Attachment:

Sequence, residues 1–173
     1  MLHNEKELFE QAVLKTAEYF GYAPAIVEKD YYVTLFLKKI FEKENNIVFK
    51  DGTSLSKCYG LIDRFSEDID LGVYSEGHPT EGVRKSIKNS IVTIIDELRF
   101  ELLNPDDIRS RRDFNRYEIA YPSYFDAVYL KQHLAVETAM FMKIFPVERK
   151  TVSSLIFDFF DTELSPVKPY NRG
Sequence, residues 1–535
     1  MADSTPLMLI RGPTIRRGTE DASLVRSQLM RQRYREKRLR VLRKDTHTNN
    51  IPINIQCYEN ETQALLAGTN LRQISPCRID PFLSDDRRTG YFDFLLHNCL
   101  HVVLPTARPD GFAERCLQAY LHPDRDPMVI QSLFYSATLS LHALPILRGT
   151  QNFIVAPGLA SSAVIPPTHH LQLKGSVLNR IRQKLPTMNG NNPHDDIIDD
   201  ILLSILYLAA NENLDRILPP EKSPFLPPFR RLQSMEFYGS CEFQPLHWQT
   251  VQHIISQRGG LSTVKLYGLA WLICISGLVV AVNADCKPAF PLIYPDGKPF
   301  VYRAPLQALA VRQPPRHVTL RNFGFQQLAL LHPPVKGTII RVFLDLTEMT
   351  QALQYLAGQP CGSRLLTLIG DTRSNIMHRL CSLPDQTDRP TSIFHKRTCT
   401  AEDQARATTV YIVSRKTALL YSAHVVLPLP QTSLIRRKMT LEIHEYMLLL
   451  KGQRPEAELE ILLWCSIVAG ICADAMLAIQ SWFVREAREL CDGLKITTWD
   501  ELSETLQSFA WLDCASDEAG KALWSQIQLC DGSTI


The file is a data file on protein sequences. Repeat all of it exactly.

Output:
Sequence, residues 1–173
     1  MLHNEKELFE QAVLKTAEYF GYAPAIVEKD YYVTLFLKKI FEKENNIVFK
    51  DGTSLSKCYG LIDRFSEDID LGVYSEGHPT EGVRKSIKNS IVTIIDELRF
   101  ELLNPDDIRS RRDFNRYEIA YPSYFDAVYL KQHLAVETAM FMKIFPVERK
   151  TVSSLIFDFF DTELSPVKPY NRG
Sequence, residues 1–535
     1  MADSTPLMLI RGPTIRRGTE DASLVRSQLM RQRYREKRLR VLRKDTHTNN
    51  IPINIQCYEN ETQALLAGTN LRQISPCRID PFLSDDRRTG YFDFLLHNCL
   101  HVVLPTARPD GFAERCLQAY LHPDRDPMVI QSLFYSATLS LHALPILRGT
   151  QNFIVAPGLA SSAVIPPTHH LQLKGSVLNR IRQKLPTMNG NNPHDDIIDD
   201  ILLSILYLAA NENLDRILPP EKSPFLPPFR RLQSMEFYGS CEFQPLHWQT
   251  VQHIISQRGG LSTVKLYGLA WLICISGLVV AVNADCKPAF PLIYPDGKPF
   301  VYRAPLQALA VRQPPRHVTL RNFGFQQLAL LHPPVKGTII RVFLDLTEMT
   351  QALQYLAGQP CGSRLLTLIG DTRSNIMHRL CSLPDQTDRP TSIFHKRTCT
   401  AEDQARATTV YIVSRKTALL YSAHVVLPLP QTSLIRRKMT LEIHEYMLLL
   451  KGQRPEAELE ILLWCSIVAG ICADAMLAIQ SWFVREAREL CDGLKITTWD
   501  ELSETLQSFA WLDCASDEAG KALWSQIQLC DGSTI